Regardless of one’s religious affiliation, there is a passage in the New Testament that speaks to charity in a way many of us can understand: “Charity suffereth long, and is kind; charity envieth not; charity vaunteth not itself, is not puffed up.”
We don’t get to see a lot of the kind of charity Paul was referring to in First Letter to the Corinthians, at least not in the news business. Hardly a week goes by that our time is not put upon to traipse off to photograph some group of individuals or another holding a cheque the size of a sheet of drywall and often of almost equal value. Almost as if the giant cheque will somehow emphasize how generous the group is. But last week was different. Last week was special. Last week was true charity, the kind that seeks no publicity.
Morinville, along with the rest of the province, awoke last Monday morning with the news that a good portion of Slave Lake had been destroyed by fire, all its residents forced to evacuate to Westlock, Athabasca, Alexander, Legal, St. Albert and Edmonton. But through our shock at the sheer magnitude of the devastation there came the instantaneous and universal feeling something must be done to help.
By noon the Morinville arena was opened as a drop off point for donations for the two main evacuation centres of Athabasca and Westlock. Organizers from the Town of Morinville’s FCSS department teamed with resident volunteers and town staff to make it ready while word of the initiative spread mostly by social media and good old fashioned word of mouth. By Tuesday afternoon, volunteers were almost tripping over each other and certainly over the piles of articles donated and sorted for the evacuees – each item a personal act of true charity given anonymously from the heart with no recompense other than the internal satisfaction of knowing the donor had stepped up to help.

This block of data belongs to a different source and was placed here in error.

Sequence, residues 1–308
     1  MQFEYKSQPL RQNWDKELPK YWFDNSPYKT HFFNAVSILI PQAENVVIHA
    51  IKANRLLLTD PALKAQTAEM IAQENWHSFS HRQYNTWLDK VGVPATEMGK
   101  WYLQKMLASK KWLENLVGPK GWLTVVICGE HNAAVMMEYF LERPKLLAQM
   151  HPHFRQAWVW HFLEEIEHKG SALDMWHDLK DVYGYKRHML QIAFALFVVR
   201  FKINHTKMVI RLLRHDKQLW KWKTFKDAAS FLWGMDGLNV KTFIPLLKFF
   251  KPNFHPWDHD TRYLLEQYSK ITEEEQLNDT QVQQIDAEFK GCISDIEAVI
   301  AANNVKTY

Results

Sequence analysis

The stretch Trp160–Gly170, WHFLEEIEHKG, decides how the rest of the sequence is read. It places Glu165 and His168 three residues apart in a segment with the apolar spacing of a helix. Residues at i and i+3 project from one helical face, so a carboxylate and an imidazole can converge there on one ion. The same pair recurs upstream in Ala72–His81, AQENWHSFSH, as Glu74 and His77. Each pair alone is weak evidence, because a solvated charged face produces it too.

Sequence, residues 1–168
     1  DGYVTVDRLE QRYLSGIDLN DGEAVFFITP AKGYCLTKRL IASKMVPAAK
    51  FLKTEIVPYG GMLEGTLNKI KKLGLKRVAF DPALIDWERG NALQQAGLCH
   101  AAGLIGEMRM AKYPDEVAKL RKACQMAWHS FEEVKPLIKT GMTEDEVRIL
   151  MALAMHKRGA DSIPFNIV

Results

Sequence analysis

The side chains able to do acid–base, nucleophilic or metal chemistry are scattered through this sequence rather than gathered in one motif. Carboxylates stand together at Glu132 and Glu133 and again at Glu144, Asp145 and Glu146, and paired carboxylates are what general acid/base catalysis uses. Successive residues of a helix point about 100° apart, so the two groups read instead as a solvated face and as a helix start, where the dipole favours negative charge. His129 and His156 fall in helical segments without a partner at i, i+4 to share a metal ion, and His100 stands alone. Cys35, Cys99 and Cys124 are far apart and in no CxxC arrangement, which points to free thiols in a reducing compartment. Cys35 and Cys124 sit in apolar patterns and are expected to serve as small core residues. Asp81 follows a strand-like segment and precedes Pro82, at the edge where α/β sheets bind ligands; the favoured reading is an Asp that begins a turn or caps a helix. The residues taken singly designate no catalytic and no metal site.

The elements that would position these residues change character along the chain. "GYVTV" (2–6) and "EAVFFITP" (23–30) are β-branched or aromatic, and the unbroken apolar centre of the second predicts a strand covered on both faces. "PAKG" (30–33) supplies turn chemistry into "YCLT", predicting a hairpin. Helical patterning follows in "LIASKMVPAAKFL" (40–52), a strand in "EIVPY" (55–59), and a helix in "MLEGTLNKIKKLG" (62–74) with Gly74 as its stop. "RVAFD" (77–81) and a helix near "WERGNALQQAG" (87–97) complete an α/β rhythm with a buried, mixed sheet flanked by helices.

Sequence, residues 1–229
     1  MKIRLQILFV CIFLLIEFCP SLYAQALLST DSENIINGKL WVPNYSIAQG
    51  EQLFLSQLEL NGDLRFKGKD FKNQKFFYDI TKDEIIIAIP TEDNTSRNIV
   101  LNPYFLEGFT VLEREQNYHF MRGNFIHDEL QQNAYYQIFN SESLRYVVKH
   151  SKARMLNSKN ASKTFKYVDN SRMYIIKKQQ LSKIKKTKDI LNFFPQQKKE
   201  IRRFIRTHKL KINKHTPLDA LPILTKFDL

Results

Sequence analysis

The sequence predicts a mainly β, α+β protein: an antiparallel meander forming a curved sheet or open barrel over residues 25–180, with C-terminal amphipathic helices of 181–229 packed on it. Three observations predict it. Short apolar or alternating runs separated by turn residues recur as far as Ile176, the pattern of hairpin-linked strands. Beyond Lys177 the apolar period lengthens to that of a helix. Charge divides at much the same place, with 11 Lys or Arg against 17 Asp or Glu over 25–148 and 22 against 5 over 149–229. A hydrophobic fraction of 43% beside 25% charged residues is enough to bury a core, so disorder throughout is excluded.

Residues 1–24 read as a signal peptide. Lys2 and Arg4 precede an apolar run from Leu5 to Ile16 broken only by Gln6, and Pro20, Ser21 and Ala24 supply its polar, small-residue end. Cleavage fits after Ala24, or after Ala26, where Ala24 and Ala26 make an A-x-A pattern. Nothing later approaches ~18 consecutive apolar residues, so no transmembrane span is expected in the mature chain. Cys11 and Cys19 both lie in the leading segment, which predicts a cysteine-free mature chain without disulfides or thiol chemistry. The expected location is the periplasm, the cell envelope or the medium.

Without courting applause, residents and businesses simply gave or their material possession, their time and their hearts. And while the clothing, food, books and other items will be met with appreciation by the evacuated residents of Slave Lake, the other generosity that made it possible will remain largely unknown. The donation of a tractor trailer and driver by Champion Petfoods; the donation of sandwiches; coffee and doughnuts for volunteers from Tim Hortons; the donation of two RVs loaned by RV City for Morinville firefighters to rest in while they assist in Slave Lake; the donation of food and water from Sobeys to go with the trailers; the electronic efforts of the Morinville Public Library, Chamber of Commerce and other businesses and organizations that used their mailing lists to get the word out about the donation drop off.
Although Morinville is certainly not unique in Alberta in mobilizing forces to respond to the disaster, the fact so much could be done in just 27 hours is simply remarkable and worthy of praise, although none who were involved – from the child carrying in a bag of groceries to volunteers who spent so many hours sorting and packing items sought any praise.
For two days last week we were no longer a community divided on the secular and Catholic debate. We were no longer divided on those who were opposed to another liquor store and those who were for it. We were no longer divided on those who want a pool and those who don’t. No longer divided on any issue, but simply united in the one issue that mattered the most – lending aid to those in need.
It is that sense of caring, that sense of community that prompts so many to choose a small town like Morinville to settle in. it is times like this that reaffirm for many of us that that choice was the right choice to make.